For instance - Take a cube and apply the refraction material to it. Render. Then, increase the distance between the two faces the ray will be traveling through, making it larger along the z axis. (ie: Scale up along the z) Render. Are the results different? If not, then it doesn't care how "thick" the refractive material is. If they are different, then it does care and it treats the object as if it was "made of" whatever physical material has that refractive index indicated in the material settings.

    Ima gonn try dis in a few minutes... for funsies.



  • @morkonan My (subconcious) assumption has been that Poser ray-tracing is all about vectors. When a 'ray' hits a surface that 'ray' would have a direction that you could specify with a unit vector. The point where it 'hits' the surface has a normal, which could also be represented by another unit vector. Apply Snell's law (n1sinθ1 = n2sinθ2) in the plane in which both vectors lie and you'll get a new vector representing the 'ray' after refraction at the surface. For a front facing polygon n2 would be the ior of the material's Refract node, and n1 would be... 1.0? Or whatever the last ior met by this ray was? However, for a back-facing polygon n1 should be the ior of the material's Refract node (if Poser's doing it properly - the incident ray is inside the material) - but what would n2 be?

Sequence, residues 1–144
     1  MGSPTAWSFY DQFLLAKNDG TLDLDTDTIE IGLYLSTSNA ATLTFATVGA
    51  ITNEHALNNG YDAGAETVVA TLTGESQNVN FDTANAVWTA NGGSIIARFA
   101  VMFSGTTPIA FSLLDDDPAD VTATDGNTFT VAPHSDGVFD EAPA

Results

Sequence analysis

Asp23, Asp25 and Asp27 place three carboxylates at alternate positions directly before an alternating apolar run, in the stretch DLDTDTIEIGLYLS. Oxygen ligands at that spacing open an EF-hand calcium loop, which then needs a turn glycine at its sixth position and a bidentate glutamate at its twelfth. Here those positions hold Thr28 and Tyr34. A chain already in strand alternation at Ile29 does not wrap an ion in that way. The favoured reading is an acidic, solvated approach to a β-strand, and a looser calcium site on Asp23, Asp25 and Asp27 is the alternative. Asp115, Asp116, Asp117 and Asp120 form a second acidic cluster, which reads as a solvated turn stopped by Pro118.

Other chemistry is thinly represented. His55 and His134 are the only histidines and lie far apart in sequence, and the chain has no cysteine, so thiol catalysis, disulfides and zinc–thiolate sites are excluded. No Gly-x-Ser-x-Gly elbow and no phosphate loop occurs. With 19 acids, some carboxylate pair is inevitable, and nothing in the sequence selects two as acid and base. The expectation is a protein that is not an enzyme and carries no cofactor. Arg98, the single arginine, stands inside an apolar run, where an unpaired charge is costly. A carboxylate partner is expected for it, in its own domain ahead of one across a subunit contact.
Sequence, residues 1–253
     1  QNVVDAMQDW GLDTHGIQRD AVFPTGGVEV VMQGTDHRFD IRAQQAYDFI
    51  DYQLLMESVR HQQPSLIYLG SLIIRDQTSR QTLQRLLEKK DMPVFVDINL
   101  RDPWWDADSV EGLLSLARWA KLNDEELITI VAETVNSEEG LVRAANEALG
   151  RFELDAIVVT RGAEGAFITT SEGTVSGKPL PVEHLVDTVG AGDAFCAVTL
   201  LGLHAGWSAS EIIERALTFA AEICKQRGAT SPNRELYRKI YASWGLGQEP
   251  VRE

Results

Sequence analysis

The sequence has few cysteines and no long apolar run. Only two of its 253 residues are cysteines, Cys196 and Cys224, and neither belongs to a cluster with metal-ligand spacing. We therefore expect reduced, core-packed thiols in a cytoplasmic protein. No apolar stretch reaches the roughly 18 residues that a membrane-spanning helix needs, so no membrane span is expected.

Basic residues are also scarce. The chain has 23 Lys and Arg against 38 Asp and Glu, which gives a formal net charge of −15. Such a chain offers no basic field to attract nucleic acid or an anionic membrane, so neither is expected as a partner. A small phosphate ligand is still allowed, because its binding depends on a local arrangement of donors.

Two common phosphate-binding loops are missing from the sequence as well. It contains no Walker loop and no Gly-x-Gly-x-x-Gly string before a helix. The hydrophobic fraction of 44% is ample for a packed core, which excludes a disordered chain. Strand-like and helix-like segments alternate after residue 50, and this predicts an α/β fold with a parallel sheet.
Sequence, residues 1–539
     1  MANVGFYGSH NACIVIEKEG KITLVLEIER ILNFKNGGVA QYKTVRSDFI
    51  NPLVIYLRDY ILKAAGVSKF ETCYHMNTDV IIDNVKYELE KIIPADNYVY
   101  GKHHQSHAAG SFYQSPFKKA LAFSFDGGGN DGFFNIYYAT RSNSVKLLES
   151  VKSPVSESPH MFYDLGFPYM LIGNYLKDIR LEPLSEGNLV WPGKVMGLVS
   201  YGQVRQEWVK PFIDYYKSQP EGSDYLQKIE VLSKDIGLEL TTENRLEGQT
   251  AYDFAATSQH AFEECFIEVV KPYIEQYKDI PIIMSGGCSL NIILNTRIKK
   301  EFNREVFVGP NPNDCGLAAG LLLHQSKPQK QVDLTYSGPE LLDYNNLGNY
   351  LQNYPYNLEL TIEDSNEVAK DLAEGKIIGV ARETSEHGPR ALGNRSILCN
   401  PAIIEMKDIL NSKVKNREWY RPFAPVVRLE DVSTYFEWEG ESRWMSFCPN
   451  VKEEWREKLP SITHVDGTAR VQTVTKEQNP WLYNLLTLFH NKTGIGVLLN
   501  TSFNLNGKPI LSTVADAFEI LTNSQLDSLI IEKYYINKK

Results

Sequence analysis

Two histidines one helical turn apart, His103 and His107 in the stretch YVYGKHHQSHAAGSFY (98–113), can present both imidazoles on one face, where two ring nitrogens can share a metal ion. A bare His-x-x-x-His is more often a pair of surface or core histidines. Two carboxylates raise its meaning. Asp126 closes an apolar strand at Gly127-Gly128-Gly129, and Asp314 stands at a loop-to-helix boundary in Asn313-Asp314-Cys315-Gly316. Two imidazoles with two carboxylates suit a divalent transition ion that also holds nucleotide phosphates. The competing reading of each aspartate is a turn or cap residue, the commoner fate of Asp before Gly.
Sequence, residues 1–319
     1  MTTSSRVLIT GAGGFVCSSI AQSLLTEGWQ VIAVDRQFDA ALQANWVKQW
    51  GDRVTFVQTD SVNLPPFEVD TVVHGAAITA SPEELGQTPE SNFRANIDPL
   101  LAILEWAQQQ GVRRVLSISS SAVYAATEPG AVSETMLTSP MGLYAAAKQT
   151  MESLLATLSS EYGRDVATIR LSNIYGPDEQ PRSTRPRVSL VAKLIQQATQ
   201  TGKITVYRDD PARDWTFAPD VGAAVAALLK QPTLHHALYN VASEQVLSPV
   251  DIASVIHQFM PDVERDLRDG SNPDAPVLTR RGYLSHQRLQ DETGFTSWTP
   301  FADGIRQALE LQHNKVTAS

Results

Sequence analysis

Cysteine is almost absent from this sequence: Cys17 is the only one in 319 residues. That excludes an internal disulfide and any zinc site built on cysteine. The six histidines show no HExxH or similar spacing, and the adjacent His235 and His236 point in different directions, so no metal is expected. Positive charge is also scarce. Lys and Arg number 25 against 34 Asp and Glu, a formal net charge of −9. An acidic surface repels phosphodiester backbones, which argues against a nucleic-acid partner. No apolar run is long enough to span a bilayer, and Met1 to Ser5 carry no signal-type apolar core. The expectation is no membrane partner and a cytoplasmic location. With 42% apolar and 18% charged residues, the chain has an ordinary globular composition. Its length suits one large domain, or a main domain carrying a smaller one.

That's all guesswork of course... of the semi-educated variety. :)

    @morkonan said in PP2014: Odd refraction in material for drinking glass.:

    ...Ima gonn try dis in a few minutes... for funsies.

    Nice to see that I'm not the only one with a somewhat twisted sense of 'fun'! ;o)

    (I'm still trying to work out the most useful test, and whether I should be doing it on a Sunday - I should be relaxing! )



  • @3dcheapskate said in PP2014: Odd refraction in material for drinking glass.: